Since the time we envisioned Pyrsia, we aimed to make it a community project. It was setup in such a way that it is open source, open governance and open process from the start. With our clear intention to engage the community we started working on it since we began in October 2021. Here is a recollection of what we did in the year or more since and where we are at the moment.
Like any new idea it made great sense to us but there were questions and challenges being raised everytime we talked about. Stephen Chin and I were determined to answer or atleast every single one of the raised eyebrows.
Our first challenge was building a compelling case for the project and finding the correct forum in the open source world to do that. After some research we found a good avenue that would be willing to listen to us. We built a cracking presentation(or so we thought) that would describe the concepts within Pyrsia and answer most of the early questions. The overall response was heartwarming and welcoming after we finished with the presentation and we received a number of comments about taking such an audacious challenge. It was audacious for a few reasons:
- It would be the first infrastructure that would be totally decentralized(or what the cool kids call Web3)
- It would be the first such infrastructure that would build the code from source for different language ecosystem
- It would be one of the first implementations that would blockchain for capturing how software is delivered into production
Once we got over the initial hump of communicating with people at the conference we came back with a few parties interested in kicking it off and we got started.
Right away, we were faced with two challenges:
- Working with the linux foundation open source communities to get accepted as part of them
- Working with Rust and Web3 technologies
I will cover the efforts we undertook for making this a community project in this blog and cover our Rust and technology challenges in a follow up post.
Engaging with Open source communities was something that I had not experienced before and it was little different that working internally within your organization. The meetings were very regular and had room for open discussions - many of the meetings encouraged people to propose topics beforehand which was refreshing.
Working through many of the communities I learnt to be always prepared with a slide deck that is longer than I would have time to present. Having this helped me to answer questions that either had come up before or I had answers but were not included in the main flow of the presentation. I felt I got better prepared as I started to attend more of these meetings and the familiarity with the meeting etiquettes helped me engage better.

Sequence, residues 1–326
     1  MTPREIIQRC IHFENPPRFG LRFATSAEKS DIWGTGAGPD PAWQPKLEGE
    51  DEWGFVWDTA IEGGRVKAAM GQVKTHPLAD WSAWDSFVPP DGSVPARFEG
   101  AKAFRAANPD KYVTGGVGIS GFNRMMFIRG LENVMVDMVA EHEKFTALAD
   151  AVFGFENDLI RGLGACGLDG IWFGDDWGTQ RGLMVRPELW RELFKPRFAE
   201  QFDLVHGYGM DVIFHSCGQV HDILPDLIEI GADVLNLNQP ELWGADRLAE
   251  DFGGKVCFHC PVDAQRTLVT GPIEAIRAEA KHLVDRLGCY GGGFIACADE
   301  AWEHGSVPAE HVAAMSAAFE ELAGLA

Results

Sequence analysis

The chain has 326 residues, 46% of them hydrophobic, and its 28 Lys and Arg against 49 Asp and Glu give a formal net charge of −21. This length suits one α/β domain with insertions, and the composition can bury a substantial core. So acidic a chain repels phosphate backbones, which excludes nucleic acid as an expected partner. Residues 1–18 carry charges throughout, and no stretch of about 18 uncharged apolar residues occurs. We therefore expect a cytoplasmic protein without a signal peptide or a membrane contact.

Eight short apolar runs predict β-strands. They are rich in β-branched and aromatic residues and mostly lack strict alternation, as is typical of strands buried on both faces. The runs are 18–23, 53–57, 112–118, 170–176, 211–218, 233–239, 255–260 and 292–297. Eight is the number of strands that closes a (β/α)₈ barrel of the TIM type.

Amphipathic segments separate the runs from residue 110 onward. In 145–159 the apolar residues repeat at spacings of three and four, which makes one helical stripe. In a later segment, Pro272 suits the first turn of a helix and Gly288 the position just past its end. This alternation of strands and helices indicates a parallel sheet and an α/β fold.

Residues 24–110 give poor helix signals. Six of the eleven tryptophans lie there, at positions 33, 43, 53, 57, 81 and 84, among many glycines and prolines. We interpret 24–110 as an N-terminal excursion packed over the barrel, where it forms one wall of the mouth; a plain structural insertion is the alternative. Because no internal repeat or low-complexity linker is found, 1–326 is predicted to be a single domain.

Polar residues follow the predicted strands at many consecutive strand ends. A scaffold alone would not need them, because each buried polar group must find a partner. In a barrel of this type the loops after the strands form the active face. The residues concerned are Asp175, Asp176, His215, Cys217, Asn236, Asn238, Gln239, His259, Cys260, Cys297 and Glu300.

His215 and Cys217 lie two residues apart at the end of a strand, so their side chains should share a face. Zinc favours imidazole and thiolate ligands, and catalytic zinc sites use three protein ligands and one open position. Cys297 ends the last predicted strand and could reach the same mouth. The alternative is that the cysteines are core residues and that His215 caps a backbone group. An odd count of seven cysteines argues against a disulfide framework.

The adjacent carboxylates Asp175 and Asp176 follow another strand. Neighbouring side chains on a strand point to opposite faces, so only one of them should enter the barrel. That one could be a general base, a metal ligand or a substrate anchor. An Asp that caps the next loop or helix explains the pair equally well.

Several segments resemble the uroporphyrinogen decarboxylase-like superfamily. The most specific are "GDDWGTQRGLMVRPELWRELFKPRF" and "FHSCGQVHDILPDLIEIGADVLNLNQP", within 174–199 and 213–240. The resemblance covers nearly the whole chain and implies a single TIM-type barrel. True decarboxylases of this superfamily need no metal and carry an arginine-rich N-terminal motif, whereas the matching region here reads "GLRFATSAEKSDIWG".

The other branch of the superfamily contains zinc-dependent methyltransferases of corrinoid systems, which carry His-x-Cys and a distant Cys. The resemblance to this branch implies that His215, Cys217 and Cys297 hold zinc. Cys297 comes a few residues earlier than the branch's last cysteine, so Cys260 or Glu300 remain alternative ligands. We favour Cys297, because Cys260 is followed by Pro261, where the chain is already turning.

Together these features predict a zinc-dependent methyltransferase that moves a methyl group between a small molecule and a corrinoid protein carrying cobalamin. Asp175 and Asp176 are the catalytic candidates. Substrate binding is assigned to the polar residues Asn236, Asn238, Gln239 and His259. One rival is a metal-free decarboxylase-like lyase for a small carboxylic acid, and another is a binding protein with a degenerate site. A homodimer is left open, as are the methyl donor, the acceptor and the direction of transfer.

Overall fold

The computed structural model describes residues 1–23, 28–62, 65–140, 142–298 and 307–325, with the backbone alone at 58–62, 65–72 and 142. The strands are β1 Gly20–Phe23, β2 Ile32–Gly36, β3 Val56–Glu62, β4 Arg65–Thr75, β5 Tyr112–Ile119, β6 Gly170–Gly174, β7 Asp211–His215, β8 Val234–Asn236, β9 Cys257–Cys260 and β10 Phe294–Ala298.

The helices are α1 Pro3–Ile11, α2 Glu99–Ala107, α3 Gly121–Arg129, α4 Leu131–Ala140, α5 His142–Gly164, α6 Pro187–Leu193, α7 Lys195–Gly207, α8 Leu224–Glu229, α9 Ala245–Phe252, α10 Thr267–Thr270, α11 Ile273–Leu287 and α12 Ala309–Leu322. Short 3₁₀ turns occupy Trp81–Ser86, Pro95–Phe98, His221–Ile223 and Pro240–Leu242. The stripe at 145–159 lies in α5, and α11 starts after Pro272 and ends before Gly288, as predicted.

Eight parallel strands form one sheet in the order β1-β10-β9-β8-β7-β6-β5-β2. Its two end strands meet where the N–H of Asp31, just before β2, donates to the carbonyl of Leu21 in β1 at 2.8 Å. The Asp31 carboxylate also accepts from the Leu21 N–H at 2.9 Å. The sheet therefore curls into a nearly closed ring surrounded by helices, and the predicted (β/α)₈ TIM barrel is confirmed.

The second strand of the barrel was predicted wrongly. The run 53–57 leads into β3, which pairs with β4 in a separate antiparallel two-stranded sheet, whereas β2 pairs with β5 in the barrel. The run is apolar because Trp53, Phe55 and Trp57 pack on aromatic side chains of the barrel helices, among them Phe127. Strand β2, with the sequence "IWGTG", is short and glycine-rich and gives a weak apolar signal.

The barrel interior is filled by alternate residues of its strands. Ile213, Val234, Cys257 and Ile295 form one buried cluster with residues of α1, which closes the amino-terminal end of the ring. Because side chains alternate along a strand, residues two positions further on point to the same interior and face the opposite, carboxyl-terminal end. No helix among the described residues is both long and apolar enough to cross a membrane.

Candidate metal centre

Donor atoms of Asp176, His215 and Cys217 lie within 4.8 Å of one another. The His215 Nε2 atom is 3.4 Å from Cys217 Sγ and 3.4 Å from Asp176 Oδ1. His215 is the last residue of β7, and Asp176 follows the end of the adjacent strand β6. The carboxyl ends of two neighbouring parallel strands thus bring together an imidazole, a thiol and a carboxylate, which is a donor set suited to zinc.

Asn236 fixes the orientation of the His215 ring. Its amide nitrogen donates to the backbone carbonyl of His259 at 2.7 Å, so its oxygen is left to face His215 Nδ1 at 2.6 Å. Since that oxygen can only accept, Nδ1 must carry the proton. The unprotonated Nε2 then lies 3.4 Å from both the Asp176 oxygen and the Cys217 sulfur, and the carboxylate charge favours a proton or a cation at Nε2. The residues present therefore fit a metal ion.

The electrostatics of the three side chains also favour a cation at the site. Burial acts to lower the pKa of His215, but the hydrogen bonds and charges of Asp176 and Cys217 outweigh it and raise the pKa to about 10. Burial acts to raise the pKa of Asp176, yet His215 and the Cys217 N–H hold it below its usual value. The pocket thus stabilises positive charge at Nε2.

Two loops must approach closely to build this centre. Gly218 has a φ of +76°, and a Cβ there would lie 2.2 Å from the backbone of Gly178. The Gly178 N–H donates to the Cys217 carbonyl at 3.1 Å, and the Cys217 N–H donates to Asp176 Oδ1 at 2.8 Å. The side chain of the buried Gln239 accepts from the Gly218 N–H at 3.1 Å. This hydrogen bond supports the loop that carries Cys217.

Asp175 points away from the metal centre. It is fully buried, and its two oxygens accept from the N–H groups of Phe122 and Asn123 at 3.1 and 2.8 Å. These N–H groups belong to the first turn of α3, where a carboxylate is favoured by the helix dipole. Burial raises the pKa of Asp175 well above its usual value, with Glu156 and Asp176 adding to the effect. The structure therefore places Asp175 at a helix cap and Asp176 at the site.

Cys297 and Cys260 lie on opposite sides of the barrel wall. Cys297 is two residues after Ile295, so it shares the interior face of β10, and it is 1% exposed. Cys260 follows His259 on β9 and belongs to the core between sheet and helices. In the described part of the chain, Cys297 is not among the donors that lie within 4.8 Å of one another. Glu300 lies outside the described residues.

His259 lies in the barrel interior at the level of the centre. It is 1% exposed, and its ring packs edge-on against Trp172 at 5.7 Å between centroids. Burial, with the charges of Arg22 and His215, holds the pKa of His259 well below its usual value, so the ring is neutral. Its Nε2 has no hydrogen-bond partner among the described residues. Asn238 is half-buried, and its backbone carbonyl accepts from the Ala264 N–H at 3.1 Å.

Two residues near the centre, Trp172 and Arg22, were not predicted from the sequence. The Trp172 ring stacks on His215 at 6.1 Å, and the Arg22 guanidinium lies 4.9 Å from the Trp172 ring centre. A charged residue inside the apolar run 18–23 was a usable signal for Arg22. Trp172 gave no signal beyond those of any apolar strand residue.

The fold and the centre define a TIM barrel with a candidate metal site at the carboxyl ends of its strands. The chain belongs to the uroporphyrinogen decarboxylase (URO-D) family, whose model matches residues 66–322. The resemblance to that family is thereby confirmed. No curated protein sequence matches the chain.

As part of a follow up to our presentation we wrote up a comprehensive proposal to address details and answer questions. We produced a detailed blog on how Pyrsia uses the blockchain.
Following up on our actions we were also building the Pyrsia software to be able to demonstrate its power to the community. After numerous presentations, question and answer sessions with different communities we found a lot of our ideas resonated with the CD Foundation. We proposed our project at the TOC meeting at the CD Foundation and after a vote we were accepted as a new incubating project with the CD Foundation.
After a few formalities, we were part of the CD Foundation.
Engaging the Community
The project gained some extra momemtum after we were part of the CD Foundation. We had concrete goals and had an upcoming CD Summit to showcase our work. This excited the team and we were ready to polish our latest version and show it off at the CD Summit in Detroit. At this conference we presented a fully working version of the Web3 Pyrsia network which included the peer-to-peer(p2p) backend which supported and ran the network. The blockchain provided the provenance log as an immutable ledger to provide transparency and trust.
The momentum due to this was such that the team looked forward to releasing regularly and frequently. We started off by producing an iteratively better release every month. The releases included new features, stable infrastructure and progressively better documentation.
The Community engagement also brought us new contributors and enthusiasts engaging with the project. Since the CD Summit we have release 5 versions and also scaled the network.
As part of being a community project we made sure we took extra care to implement processes and policies.
We have all the codebase as public repositories in github - since that is what people use the most and has a good open source offering. All our documentation is part of our main codebase. The documentation is made available on the project website so that the users can look it up easily. All our PRs are open to comments and approval by anyone from the community. Our core team members get assigned as reviewers so that we can make sure the quality stays consistent and the PRs are reviewed regularly.
You will also find details in our blog - about how we are progressively releasing and what we are releasing as well. You will also find posts about something new that we built/leveraged.
Hopefully as part of the community you are able to contribute to Pyrsia!